The Middle East is rapidly moving towards a new round of confrontation between the US-Israeli bloc and Iranian-led Shiite forces.
On July 26, the Israeli Defense Forces (IDF) deployed M109 Doher howitzers near the separation line with Lebanon. The deployment of howitzers became the latest in a series of broad measures employed by the IDF near Lebanon recently. Earlier, the 13th “Gideon” Infantry Battalion of the IDF’s elite 1st “Golani” Brigade reinforced troops near the border. The number Israeli Hermes 450 drone reconnaissance flights also significantly increased over southern Lebanon. Additional IDF units were also deployed in the occupied Syrian Golan Heights. On top of this, the IDF announced that it will hold the Lebanese government responsible “for all actions emanating from Lebanon”.
These measures followed the July 20 Israeli strike on Syria, which resulted in the death of a member of Lebanese Hezbollah. Over the past years, Hezbollah has been one of the main supporters of Syrian Army operations against ISIS and al-Qaeda. Tel Aviv increases its strikes on what it calls Hezbollah and Iranian-affiliated targets in Syria every time when the Syrian Army launches active actions against terrorists and seems to be very concerned by the possibility of a Hezbollah response to the July 20 attack.
If Israel is really set to conduct strikes on Hezbollah targets in Lebanon to the retaliatory action by Hezbollah, this scenario could easily evolve into a wider border confrontation between Hezbollah and the IDF.
At the same time, tensions between local resistance groups and the US-led coalition grew in Iraq. On July 24, the Islamic Resistance in Iraq, Ashab al-Kahf, announced that its forces had shot down an unmanned aerial vehicle of the US military over the province of Saladin. The group claimed that the UAV was downed by some ‘new weapon’ and released a photo showing the launch of what appears to be an anti-aircraft missile, likely a man-portable air-defense system.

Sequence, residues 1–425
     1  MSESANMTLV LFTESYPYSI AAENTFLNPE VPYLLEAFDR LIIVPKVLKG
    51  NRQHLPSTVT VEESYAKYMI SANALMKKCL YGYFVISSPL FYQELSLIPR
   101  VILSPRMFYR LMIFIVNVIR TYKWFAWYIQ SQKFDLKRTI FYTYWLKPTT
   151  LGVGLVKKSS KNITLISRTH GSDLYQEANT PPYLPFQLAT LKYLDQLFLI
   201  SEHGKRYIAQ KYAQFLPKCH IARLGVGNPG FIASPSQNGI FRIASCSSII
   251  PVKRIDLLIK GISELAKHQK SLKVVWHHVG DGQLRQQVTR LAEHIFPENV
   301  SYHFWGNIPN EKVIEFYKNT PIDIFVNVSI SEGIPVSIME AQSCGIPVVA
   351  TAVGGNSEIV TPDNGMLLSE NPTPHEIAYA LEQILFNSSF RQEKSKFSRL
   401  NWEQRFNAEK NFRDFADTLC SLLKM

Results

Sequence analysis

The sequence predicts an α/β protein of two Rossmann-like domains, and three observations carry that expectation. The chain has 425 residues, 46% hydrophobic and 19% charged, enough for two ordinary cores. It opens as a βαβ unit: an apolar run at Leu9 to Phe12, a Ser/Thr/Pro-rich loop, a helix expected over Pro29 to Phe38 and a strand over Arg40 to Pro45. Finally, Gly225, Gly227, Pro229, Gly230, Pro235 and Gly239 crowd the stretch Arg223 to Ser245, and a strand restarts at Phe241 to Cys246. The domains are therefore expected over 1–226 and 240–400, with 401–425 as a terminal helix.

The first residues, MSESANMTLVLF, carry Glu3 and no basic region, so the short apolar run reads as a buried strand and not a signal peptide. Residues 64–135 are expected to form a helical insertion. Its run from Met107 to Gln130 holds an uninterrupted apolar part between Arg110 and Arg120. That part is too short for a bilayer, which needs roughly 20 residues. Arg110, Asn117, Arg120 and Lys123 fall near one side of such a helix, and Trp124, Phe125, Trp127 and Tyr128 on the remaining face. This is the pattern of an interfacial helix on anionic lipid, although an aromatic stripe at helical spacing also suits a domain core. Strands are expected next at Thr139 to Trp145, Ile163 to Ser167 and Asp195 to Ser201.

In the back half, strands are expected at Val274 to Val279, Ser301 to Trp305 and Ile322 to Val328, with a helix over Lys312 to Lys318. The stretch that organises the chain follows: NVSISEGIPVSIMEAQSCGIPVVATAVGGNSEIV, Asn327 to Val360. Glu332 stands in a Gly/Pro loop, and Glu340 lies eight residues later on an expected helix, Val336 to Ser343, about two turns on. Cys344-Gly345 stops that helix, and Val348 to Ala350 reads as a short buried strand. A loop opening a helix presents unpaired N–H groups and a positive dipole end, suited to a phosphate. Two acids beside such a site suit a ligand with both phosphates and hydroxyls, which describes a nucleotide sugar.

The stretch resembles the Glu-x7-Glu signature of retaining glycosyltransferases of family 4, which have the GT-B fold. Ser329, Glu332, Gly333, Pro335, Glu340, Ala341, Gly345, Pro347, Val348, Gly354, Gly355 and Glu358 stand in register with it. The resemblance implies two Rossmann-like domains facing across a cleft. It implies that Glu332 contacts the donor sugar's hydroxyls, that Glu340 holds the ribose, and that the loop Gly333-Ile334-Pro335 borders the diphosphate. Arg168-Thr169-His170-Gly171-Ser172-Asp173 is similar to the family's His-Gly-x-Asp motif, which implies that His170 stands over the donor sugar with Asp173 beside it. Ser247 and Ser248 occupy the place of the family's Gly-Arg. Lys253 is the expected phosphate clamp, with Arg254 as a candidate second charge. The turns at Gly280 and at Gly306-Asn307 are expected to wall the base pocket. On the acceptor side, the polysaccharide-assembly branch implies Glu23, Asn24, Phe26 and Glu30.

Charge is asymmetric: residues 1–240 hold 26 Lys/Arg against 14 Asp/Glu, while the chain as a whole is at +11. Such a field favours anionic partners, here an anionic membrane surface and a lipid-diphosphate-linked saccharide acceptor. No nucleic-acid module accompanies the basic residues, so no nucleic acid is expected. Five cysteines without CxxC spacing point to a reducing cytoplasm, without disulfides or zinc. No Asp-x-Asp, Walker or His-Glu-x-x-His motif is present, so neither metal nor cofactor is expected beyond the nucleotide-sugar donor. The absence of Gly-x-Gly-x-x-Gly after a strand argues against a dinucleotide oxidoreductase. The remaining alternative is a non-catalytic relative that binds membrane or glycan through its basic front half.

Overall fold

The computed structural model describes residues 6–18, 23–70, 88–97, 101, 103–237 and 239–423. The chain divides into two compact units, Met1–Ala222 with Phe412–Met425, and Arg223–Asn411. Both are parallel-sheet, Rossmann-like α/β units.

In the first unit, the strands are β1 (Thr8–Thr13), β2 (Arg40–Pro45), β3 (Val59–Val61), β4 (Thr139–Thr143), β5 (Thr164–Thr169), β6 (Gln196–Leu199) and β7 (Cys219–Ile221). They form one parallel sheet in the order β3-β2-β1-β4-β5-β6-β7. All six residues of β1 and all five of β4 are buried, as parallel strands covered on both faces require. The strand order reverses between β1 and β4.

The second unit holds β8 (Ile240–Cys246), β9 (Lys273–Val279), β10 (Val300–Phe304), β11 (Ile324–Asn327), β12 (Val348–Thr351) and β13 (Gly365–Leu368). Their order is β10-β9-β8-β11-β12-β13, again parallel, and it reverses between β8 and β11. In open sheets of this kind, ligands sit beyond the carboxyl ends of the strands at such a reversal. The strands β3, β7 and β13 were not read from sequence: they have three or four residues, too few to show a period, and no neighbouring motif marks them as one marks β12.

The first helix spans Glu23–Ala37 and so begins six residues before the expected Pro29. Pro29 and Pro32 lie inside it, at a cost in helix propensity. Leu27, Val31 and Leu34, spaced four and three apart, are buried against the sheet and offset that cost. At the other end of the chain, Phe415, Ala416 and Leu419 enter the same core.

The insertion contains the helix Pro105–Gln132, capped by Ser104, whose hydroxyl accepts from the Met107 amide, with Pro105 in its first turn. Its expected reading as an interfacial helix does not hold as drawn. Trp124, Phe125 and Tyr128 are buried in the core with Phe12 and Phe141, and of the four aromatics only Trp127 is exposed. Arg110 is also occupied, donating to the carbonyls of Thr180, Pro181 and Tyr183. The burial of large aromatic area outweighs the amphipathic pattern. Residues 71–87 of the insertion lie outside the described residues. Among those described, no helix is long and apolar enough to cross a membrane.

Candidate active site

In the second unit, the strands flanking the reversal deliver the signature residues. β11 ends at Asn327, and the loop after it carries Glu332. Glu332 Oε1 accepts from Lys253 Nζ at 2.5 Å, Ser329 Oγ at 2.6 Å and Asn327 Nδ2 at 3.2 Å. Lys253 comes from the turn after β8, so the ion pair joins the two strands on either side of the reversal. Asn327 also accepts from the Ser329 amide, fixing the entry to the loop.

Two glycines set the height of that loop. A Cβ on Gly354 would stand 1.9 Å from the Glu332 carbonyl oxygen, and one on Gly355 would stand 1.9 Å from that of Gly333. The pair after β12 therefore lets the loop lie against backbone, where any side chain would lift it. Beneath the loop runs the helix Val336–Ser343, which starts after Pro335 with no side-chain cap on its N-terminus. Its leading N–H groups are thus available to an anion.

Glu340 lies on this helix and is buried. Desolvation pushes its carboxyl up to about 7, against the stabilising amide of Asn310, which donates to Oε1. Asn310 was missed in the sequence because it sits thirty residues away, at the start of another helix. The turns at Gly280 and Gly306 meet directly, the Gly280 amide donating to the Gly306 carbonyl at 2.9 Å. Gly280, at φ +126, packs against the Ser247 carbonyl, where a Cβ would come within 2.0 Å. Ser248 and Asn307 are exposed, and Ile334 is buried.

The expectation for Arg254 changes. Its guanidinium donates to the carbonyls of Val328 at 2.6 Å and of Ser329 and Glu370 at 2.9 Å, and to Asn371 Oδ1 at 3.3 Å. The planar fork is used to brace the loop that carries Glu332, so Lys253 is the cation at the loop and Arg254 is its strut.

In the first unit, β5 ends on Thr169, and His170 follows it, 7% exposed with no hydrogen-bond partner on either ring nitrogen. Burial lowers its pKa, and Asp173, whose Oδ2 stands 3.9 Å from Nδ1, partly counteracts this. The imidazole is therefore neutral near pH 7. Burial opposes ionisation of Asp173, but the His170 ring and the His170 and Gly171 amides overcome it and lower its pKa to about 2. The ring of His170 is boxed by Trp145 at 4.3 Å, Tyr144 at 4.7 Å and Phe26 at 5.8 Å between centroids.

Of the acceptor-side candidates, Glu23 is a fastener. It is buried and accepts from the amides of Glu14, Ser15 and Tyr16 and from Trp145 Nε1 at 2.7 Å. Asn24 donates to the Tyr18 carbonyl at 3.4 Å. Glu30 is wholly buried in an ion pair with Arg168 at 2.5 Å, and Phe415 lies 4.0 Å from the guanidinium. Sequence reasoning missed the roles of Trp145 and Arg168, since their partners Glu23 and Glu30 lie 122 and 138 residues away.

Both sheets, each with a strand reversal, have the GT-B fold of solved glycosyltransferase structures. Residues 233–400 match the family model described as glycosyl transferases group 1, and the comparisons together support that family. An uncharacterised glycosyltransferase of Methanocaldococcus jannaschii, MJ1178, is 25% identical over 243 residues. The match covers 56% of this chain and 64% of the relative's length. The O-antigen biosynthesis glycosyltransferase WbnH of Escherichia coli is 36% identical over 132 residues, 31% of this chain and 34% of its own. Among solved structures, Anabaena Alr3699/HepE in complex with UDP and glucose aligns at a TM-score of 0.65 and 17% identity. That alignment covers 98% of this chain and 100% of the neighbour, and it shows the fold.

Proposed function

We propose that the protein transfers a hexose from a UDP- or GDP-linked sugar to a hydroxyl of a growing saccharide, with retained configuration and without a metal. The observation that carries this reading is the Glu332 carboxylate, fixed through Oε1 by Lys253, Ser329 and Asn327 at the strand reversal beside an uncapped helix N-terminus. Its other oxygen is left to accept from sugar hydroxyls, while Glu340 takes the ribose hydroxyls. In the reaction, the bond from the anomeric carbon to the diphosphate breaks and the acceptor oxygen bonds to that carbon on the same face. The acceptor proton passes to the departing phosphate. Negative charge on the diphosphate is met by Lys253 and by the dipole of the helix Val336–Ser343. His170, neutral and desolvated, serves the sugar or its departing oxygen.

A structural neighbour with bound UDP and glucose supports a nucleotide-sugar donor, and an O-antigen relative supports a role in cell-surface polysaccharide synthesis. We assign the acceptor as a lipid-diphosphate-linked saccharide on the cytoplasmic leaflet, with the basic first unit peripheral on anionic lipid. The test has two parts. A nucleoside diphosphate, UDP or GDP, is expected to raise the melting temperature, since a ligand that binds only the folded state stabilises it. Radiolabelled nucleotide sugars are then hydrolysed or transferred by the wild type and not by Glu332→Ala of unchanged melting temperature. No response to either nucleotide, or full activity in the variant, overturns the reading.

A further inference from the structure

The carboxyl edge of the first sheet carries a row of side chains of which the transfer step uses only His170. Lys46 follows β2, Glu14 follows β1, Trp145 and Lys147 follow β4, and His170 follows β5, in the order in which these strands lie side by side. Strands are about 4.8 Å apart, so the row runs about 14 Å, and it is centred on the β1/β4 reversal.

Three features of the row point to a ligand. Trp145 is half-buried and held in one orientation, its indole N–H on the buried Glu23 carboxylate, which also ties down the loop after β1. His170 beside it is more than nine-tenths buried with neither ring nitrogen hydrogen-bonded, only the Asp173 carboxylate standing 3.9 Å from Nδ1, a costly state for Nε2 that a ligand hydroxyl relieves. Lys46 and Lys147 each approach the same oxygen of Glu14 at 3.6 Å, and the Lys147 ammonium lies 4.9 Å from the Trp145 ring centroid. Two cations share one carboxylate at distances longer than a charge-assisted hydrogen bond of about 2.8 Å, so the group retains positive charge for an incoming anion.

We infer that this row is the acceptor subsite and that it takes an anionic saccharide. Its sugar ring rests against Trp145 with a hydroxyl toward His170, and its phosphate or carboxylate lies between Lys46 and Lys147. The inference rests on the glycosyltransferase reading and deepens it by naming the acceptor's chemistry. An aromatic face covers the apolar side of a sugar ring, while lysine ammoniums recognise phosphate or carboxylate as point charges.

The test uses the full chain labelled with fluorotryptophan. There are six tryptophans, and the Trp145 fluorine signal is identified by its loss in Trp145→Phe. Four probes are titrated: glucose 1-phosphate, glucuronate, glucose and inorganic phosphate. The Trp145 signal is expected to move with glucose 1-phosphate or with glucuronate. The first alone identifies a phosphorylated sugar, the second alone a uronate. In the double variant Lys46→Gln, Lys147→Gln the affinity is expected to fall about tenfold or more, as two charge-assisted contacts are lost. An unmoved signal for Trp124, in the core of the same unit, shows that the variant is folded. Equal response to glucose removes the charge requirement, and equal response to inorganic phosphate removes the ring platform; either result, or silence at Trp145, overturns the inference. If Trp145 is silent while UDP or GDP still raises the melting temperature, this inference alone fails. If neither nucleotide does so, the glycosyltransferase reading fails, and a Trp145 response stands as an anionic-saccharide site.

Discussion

On the same day, four unguided rockets struck the Pasmaya military camp, which is located 60km south of Baghdad. One of the rockets hit a garage for armoured vehicles, while another one targeted the barracks of the security unit. Two other rockets landed in an empty area. Despite causing some material damage, the rocket attack did not result in any casualties. No group has claimed responsibility for the attack.
The Pasmaya military camp is known to be hosting troops of the U.S.-led coalition and is used for training of Iraqi troops. On July 25, the coalition withdrew its forces from the camp and handed it over to the Iraqi military. According to the official statement, the coalition trained 50,000 personnel and invested $5 million into the creation of training infrastructure there.
Earlier in 2020, the US-led coalition withdrew its forces from several smaller military camps across the country. Some sources tried to present this as a withdrawal from Iraq due to the increasing attacks on coalition forces by anti-US Shiite paramilitary groups. These attacks increased significantly after the assassination of Iraqi Popular Mobilization Units Deputy Commander Abu Mahdi al-Muhandis and Iranian Quds Force Commander Qasem Soleimani in a US drone strike on Baghdad International Airport on January 3, 2020. The attack put the region on the brink of the US-Iranian war and caused a public outcry against the US military presence in Iraq. However, in fact, the US has not been withdrawing its troops from the country, but rather redeploying them to larger bases. The US military even brought Patriot surface-to-air missile systems to provide additional protection to its forces. It also continues isolated attacks on positions of the Popular Mobilization Units, an official branch of the Iraqi Armed Forces that Washington describes as terrorist groups and Iranian proxies.
On July 26, several large explosions rocked the al-Saqer military camp near the district of Dora south of Baghdad. The Al-Saqer military camp hosts forces of the Popular Mobilization Units (PMU) as well as the Iraqi Federal Police. Large quantities of ammunition, which were stored in the camp, exploded. Iraqi Security Media said the ammunition exploded as result of “high heat” and “poor storage”. Nevertheless, sources affiliated with the PMU rejected these speculations. Local sources claimed that the explosions were caused by US drone strikes. An MQ-1 Predator combat drone was spotted over the al-Saqer military camp just after the incident. This was the second situation of this kind that happened in al-Saqer. In 2019, a US drone strike hit a weapon depot at the camp.
The current situation sets almost no prospects for a de-escalation in Iraq. The main goal of attacks by local Shiite groups is to force the US to withdraw troops from the country. At the same time, the US is not planning to withdraw its forces and uses these attacks to justify the increase of its campaign against pro-Iranian forces in the Middle East.
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*All posts on behalf of South Front are made by Gordon Duff